IP addresses are the fabric of the Internet— they are the “To” and “From” stamps that make delivering messages between computers possible.  While they are necessary to route information from computer to computer, they can -- in many cases -- be traced to a human or, at least, a household.  That means they can be used to track people’s online behavior in a way that eliminates their anonymity online, which bodes poorly for the future of the internet.

Users should be anonymous when they aren’t logged in

While new technologies that enable content personalization can provide substantial value, users must also be assured that their identity is protected for legal, ethical, and safety reasons.  Consumers should have the presumption of anonymity when they are surfing the Internet and not logged into a site, and they should not be tracked - either by the government or private sector – in a way that eliminates anonymity.

To ensure consumer safety and the Internet’s continuing growth, the presumption of anonymity is paramount.  In particular, third-party services like ad networks, widgets, and off-site platforms like Facebook Connect, should maintain individual anonymity. They should not be able to see someone’s cookie, IP address, or browser information and know exactly who the person is.

IP addresses are personally identifiable


Why Online Advertising Should Be Regulated

The Debate"The Debate" is a column focused on the current debate around ad targeting and consumer privacy.

Today's article is written by Auren Hoffman, CEO, Rapleaf.

The online advertising industry is going through rapid and exciting changes. In the past two years, we’ve moved from a publisher-centric model to a network-centric model and now to a data-centric model. Top advertisers can now buy specific audiences in addition to specific publishers.

All of these innovations provide consumers with a better experience with more relevant ads, customized content, and less spam while giving advertisers more confidence in the performance of online ads.

While this technological transformation is enabling a richer and more personalized web, it also raises new privacy concerns for consumers as their data is being analyzed and shared. The increasing lack of clarity about data practices for technology providers and consumers alike will likely impede further growth in online advertising.


Ad Nauseum

"The Debate" is a column focused on the current debate around ad targeting and consumer privacy.

Today's article is written by Amiad Solomon, Founder & President, Peer39.

From the inception of the internet, online advertisers have been continuously experimenting with methods of targeting ads, in search of a technology that delivers a brand’s ideal audience, at scale. Over the past few years, marketers have become enamored with behavioral targeting, which utilizes consumer activity and preferences to serve ads that are relevant to the individual. However, while behavioral has gained acceptance among media buyers, and has achieved notable success, it has also opened the door for an ardent global campaign for the protection of user privacy.

In the US, the FTC, along with consumer advocacy groups, has demanded that behavioral targeting technologies curtail their use of consumer data. These groups argue that cookie-based targeting technologies traverse privacy concerns because users are not aware of the data that is collected from their online behavior.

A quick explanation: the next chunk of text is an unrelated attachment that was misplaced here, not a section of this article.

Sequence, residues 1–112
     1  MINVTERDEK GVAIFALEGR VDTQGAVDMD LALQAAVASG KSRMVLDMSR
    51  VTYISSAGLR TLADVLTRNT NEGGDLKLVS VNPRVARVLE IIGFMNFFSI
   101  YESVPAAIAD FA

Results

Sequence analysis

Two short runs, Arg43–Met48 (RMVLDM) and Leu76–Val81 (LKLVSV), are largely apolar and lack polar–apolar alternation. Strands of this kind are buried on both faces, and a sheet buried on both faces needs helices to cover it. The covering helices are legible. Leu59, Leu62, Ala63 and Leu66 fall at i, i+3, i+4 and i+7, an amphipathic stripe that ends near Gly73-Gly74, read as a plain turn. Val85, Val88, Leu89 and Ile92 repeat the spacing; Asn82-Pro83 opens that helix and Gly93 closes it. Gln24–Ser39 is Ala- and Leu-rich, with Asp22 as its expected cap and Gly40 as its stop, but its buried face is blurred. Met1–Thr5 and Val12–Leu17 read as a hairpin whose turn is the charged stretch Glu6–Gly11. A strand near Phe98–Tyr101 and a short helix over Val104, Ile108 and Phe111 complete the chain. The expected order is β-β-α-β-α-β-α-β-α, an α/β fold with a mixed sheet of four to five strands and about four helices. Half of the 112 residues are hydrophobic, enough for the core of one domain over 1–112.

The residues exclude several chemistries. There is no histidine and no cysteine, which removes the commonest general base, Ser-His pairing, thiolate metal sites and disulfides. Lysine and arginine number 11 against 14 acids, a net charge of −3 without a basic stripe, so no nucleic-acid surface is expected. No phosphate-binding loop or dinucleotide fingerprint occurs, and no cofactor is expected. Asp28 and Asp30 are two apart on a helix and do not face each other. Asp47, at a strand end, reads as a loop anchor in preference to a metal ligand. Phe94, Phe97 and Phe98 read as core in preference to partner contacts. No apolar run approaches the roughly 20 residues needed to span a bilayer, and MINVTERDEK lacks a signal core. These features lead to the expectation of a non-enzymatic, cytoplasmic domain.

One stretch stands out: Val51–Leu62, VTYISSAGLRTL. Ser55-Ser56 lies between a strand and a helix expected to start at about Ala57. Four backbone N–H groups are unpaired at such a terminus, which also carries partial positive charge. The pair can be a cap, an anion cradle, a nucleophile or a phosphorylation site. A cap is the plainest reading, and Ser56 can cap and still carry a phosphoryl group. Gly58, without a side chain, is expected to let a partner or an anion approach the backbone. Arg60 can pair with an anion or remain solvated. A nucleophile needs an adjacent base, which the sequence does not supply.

Last month, a trio of lawyers wrote an article for this publication criticizing privacy groups for protesting behavioral targeting. The authors posit that behavioral is an innovative breakthrough, and that “the complainants seem upset that we've just gotten increasingly good at [ad targeting].” (View the article here.)


Targeting Real-Time Targeting: Privacy Groups File Overreaching Suit With The FTC Against Real-Time Behavioral Advertising

The Debate"The Debate" is a column focused on the current debate around ad targeting and consumer privacy.

Today's article is written by: Ed Zimmerman, Mark Kesslen, and Matthew Savare, Lowenstein Sandler, a law firm. (See bios.)

Let’s say you’re surfing the web, planning your next vacation with the family.  You visit several travel sites, book your plane tickets and hotel, and rent a car.  You also read some reviews and blogs about your destination, the local restaurants, and nightlife.  You then Tweet about it and go to Facebook where you reconnect with one of your friends who lives in the area you’re visiting.  From the searches you’ve run, it’s clear that you’re going to the French countryside and you’re interested in activities for the family, with a winery visit or two.

After playing around on the social networking sites, you decide to do more research for your trip.  Given the way the Internet now works, you expect – actually, you know definitively – that you’re going to be served some ads to help pay for all this free information you’re getting.  And now comes the fundamental question: would you rather get served an ad about the best local dining, a great idea for a day trip near your destination, or ads for a wonder drug that’s totally inapplicable to you?

It seems too obvious to even ask the question, but recently, several privacy groups filed a legal action seeking to ensure that we continue to receive those wonder drug ads, technological advances be damned!  These self-appointed privacy advocates seek to stop – or at least greatly curtail – the natural evolution from irrelevant online ads that are pushed at you (and millions of other uninterested consumers) to smarter ads that are contextualized and served to you based on your preferences, interests, and needs.